Tuesday, October 04, 2005

Word from Al Anbar

Earlier this summer I drove down to Anapolis to see the wedding of one of my former students. She was marrying a Marine lieutenant, a graduate of the Naval Academy. The ceremony was held in the Academy Chapel and followed by a banquet over in Alumni Hall. All in all, a most impressive occasion.

When you're a teacher, you try not to have favorites, but of course you have them anyway. Jada is one of mine. She was a physics/philosophy double major here, graduated top in her class, after which she went off to Oxford as a Marshall Scholar. Jada is a person of deep faith, sharp wits and a highly developed sense of fun -- a nice combination. And her husband Tim, who was also a Marshall Scholar, seems cast out of the same stuff, with plenty of Marine-grade steel added to the mix. I have only met him once, on the day of the wedding, but I guess I'd have to include him among my favorites as well.

Jada has now started her Ph.D. work at Princeton in philosophy of physics, and Tim has now deployed back to Iraq for a second tour there. A few days ago he sent an email to various friends and relatives with some news about how things are going. He reports some similarities and some differences from his last deployment eight months ago.
Similarities:
  1. What has not changed is the experience of the five senses in this country. The potent stench of sewer and garbage continues to pervade the urban areas. The sight of the barren, endless desert that surrounds the villages certainly is the same here as it is near Falluja. The early morning song-chant of the call to prayer and the whistle from an incoming mortar or rocket continue to be all-too-familiar sounds. The feel of 50 pounds of gear on your shoulders at the end of a three-hour foot patrol in 100+ degree temperatures certainly has not changed. (If anything, that gear seems to be feeling even heavier!)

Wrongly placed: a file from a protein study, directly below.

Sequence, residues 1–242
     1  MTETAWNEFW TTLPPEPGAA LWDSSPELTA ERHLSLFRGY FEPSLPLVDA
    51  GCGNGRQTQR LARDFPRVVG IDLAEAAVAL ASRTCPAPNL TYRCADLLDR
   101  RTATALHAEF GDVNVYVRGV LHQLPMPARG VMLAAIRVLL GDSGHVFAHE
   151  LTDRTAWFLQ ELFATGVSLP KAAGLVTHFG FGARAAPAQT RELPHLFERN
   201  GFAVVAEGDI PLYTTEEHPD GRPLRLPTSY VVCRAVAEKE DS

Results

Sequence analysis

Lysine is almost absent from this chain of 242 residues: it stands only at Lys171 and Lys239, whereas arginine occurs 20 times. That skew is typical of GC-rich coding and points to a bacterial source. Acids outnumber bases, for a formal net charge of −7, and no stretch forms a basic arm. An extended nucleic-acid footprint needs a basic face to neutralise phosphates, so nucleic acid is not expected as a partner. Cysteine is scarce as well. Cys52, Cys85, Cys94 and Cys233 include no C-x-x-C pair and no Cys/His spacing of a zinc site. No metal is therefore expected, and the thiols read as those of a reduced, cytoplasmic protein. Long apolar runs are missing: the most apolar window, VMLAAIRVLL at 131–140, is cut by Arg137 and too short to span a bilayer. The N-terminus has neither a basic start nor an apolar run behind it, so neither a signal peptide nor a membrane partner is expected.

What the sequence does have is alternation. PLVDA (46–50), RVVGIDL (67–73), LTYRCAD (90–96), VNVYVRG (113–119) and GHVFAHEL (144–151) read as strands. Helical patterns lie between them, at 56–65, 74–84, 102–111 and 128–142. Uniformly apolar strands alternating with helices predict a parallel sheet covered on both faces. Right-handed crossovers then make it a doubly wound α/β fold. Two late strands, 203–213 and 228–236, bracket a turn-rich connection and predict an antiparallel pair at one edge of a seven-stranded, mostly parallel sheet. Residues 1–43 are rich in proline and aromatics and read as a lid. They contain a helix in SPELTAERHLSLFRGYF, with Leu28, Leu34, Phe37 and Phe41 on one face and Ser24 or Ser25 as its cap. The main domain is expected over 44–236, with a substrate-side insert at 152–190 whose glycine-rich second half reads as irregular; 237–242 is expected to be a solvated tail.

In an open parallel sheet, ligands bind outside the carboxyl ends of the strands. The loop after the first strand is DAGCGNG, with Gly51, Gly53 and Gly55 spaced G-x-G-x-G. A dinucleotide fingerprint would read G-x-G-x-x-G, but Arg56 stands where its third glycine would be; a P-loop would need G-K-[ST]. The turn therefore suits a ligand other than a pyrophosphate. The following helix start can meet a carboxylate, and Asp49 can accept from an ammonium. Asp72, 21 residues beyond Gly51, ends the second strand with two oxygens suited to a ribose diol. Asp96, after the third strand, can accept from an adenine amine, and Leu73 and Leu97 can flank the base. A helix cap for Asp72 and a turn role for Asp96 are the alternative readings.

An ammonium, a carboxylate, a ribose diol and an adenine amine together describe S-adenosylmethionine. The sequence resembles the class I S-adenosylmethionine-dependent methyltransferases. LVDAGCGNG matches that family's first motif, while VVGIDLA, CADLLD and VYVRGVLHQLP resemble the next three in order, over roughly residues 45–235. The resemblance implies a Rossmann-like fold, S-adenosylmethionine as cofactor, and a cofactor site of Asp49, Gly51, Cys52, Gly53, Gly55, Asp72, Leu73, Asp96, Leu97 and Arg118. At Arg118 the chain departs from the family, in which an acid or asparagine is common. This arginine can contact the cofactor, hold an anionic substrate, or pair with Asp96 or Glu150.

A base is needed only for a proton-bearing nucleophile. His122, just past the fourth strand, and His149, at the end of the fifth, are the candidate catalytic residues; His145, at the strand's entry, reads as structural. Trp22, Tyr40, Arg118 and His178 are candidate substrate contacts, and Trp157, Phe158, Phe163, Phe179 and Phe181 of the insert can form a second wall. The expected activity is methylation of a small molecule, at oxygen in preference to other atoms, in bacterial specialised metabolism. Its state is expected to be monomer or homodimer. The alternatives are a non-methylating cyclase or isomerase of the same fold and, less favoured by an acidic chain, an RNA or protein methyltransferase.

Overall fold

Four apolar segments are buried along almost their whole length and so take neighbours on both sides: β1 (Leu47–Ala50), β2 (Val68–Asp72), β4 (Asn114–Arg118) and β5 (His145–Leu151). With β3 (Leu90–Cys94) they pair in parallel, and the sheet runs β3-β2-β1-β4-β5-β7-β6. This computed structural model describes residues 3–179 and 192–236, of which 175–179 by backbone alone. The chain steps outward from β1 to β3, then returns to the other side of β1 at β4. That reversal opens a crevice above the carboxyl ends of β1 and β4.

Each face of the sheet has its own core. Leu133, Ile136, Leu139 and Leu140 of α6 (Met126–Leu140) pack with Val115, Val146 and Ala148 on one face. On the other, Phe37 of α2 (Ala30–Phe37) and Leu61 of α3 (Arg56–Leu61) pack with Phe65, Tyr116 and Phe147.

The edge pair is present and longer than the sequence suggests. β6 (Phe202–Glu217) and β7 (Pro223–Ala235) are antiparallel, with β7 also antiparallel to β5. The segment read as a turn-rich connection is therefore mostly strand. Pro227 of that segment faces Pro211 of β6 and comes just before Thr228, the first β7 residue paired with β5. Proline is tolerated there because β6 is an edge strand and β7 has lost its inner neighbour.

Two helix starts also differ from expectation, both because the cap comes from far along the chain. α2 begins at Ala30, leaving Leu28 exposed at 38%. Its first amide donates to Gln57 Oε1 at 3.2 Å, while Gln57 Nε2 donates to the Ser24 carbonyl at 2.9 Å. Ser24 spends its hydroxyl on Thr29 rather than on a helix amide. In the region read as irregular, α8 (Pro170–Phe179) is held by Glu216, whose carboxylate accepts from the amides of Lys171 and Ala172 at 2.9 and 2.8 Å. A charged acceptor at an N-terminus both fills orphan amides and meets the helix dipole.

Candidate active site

2. The insurgency continues to be active within the Al Anbar province. This area is still a dangerous place for both US and Iraqi Forces working to thwart the insurgency. The challenge is staying one step ahead of the insurgents so that they are kept off-balance in their attempts to intimidate the local populace and inflict harm on Coalition Forces.
  3. A taxing tension persists for Iraqi citizens, hamstrung between ruthless insurgents and the daunting presence of US Marines. The long-term solution remains the same: increase the Iraqi security forces' responsibility in providing security for their own populace.
Differences:
  1. The Iraqi Army has made significant progress over the last year. For the first three months of our last deployment, we did not train or work with indigenous forces. Now we are patrolling on a daily basis with proficient, capable Iraqi soldiers. Progress is certainly being made, but patience continues to be a virtue in the development of Iraqi security forces.
  2. As Marines, we have learned much from our experiences in Iraq; so have the insurgents. The enemy we fight is smart and adaptive. The lethality of IEDs and VBIEDs (car bombs) has certainly increased in the past year.